GIST: "A judge has denied a man's request to be released from prison after he claimed Boone County prosecutors and Columbia police coerced him into confessing to a murder. The judge said in the order that Erickson never raised an issue during his guilty plea and no longer has a right to challenge his case. Erickson filed the petition in Pike County, where his prison is located, alleging that Boone County prosecutors and Columbia police coerced him into confessing to the murder of Columbia Daily Tribune sports editor Kent Heitholt on Halloween night 2001. In 2004, Erickson confessed and pleaded guilty to the crime, while Ryan Ferguson pleaded not guilty. Because of his confession and story, Erickson became a key witness for the prosecution's case against Ferguson in December 2005. During the trial, Ferguson's defense attempted to poke holes in Erickson's then-recollection of the murder."

The entire  story can be read at:

For background read previous post at the link below: "PASSAGE THREE OF THE DAY: "During their marathon interrogation, the police employed coercive methods to wrench a confession from Charles—even though he lacked any personal knowledge of Mr. Heitholt’s murder. Many of the tactics police and prosecutors employed against Charles to accomplish this goal mirror the “Reid Technique”—a once widely used, and now widely criticized, interrogation protocol that relies on deceit and false evidence ploys to pressure interrogation subjects to confess to crimes."

See also Columbia Daily Tribune story at the link below: (Erickson attorney vows to keep fighting:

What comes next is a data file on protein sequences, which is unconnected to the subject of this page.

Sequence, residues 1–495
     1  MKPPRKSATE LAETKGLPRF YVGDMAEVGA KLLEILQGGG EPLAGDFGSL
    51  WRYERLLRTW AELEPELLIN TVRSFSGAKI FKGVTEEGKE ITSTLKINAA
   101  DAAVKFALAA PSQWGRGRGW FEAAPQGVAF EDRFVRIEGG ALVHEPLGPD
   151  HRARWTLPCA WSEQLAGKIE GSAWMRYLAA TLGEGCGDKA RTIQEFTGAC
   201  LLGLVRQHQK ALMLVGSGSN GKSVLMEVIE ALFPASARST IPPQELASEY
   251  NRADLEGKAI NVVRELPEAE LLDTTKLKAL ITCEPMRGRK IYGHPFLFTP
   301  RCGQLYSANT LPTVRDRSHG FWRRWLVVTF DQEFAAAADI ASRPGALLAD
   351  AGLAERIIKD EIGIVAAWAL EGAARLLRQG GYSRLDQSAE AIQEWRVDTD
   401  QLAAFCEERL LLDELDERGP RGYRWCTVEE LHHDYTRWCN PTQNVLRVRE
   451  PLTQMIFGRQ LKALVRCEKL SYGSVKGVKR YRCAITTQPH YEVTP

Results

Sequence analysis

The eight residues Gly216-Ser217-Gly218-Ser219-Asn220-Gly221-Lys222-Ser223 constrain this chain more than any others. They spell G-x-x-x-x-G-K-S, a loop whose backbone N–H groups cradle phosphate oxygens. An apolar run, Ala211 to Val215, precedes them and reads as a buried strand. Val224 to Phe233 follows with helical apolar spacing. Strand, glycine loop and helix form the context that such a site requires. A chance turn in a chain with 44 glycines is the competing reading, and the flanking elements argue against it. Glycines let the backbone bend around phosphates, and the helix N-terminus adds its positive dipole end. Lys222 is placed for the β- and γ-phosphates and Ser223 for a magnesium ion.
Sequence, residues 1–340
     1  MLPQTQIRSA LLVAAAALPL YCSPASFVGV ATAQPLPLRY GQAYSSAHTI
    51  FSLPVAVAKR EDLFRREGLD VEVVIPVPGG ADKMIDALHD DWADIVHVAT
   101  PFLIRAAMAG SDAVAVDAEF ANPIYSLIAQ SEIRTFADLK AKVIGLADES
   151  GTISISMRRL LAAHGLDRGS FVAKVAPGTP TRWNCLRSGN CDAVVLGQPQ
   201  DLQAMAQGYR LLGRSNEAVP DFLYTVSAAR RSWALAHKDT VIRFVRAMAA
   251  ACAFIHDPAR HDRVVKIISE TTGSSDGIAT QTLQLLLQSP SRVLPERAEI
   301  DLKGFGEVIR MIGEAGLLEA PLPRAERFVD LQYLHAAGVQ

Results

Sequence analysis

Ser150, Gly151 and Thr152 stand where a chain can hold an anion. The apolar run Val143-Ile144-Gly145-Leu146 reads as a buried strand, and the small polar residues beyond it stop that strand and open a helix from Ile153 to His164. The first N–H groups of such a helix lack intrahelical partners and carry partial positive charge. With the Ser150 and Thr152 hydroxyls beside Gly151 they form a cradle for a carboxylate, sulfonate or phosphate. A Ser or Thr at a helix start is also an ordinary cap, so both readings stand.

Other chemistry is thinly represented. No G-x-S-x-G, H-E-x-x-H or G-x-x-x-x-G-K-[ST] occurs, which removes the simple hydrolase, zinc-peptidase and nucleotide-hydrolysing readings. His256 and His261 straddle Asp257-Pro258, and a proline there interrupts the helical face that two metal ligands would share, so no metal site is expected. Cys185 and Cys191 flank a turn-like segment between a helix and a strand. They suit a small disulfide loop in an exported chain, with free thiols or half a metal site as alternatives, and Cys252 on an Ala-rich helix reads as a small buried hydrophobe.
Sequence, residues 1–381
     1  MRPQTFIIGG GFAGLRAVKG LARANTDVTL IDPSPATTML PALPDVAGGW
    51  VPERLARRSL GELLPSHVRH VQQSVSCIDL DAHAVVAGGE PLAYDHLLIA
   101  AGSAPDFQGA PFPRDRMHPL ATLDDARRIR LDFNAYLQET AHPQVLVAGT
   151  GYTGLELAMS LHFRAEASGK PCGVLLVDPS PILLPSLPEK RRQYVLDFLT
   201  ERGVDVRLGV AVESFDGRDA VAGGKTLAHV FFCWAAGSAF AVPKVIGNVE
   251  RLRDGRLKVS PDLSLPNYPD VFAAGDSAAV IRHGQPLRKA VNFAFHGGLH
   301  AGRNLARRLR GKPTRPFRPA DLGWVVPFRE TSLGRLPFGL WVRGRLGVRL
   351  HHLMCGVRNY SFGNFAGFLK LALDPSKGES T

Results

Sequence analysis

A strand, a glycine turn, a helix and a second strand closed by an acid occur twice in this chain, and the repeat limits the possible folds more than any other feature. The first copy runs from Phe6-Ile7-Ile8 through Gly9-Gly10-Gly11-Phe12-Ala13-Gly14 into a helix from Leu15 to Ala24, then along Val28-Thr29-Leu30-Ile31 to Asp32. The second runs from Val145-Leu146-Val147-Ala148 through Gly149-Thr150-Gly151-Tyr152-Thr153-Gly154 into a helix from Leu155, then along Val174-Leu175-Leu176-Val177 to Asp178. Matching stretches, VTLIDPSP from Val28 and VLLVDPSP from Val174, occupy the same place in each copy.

Charles Erickson’s attorney says despite a Tuesday ruling denying his client’s release, the fight is not over. Livingston County Judge Milan Berry on Tuesday denied a writ of habeas corpus that would have required the state to prove why Erickson should still be imprisoned for the 2001 murder of Tribune sports editor Kent Heitholt. In the one-page order, Berry wrote that Erickson voluntarily pleaded guilty in November 2004 to the crime and failed to raise a challenge during sentencing or in a timely manner afterward. “Therefore petitioner has procedurally defaulted on his claim that his sentence and conviction violated the laws or Constitution of the State of Missouri, or that his conviction violated the Constitution of the United States,” Berry wrote. Erickson is serving a 25-year sentence and is eligible for parole in 2023. While he has been incarcerated, Erickson has been sentenced twice for violence against prison guards or another inmate and is serving those sentences concurrently to the sentence from Boone County. Landon Magnusson, who has been representing Erickson pro bono throughout the Livingston County case, said he was disappointed with the judge’s decision and will be meeting with his client Wednesday afternoon. “We are disappointed,” he said. “I hate to be a man of few words right now, but I think that’s just the best way to say it. We are disappointed. I will be speaking with (Charles Erickson) this afternoon.” Missouri Attorney General Eric Schmitt, whose office represented the state, issued a statement Wednesday saying justice had been served in the original case and the ruling on Erickson’s petition. “Violently taking someone’s life is a heinous act against another human being. He was found guilty and now should be held responsible to the fullest extent of the law,” Schmitt said. “Charles Erickson will serve out his sentence for his unforgivable actions. Justice has already been served, and now it will be carried out.” Magnusson said because the case centers around a writ, he will start anew with another petition rather than appealing to a higher court. “The way writs work, it’s not an appeal,” Magnusson said. “It’s more like doing it anew. We will file a new, original writ before taking this to the court of appeals. It isn’t over yet. We disagree with the ruling and we will seek to obtain his freedom still.” Erickson confessed to the killing in March 2004, telling police he had “dream-like” memories of he and Ryan Ferguson robbing Heitholt. A Missouri Western District Court of Appeals panel in November 2013 vacated Ferguson’s convictions for second-degree murder and first-degree robbery. Magnusson, in the petition, argued Erickson was innocent of the crime and still had the right to challenge his conviction despite his guilty plea. He claimed his client was a victim of a coerced confession at the hands of Columbia police and a malicious prosecution by now judge Kevin Crane. In a response filed April 5, the state argued that Erickson’s claim of actual innocence — a standard of review to prove a charged defendant did not commit a crime — falls short given the evidence in the case. Assistant Attorney General Michael Spillane wrote in the response that Erickson admitted the crime to others prior to ever speaking with police and also gave them details known only to authorities. Spillane wrote that Erickson’s attorneys told him they could challenge the confession, but he was adamant in professing his guilt, even well into his sentence."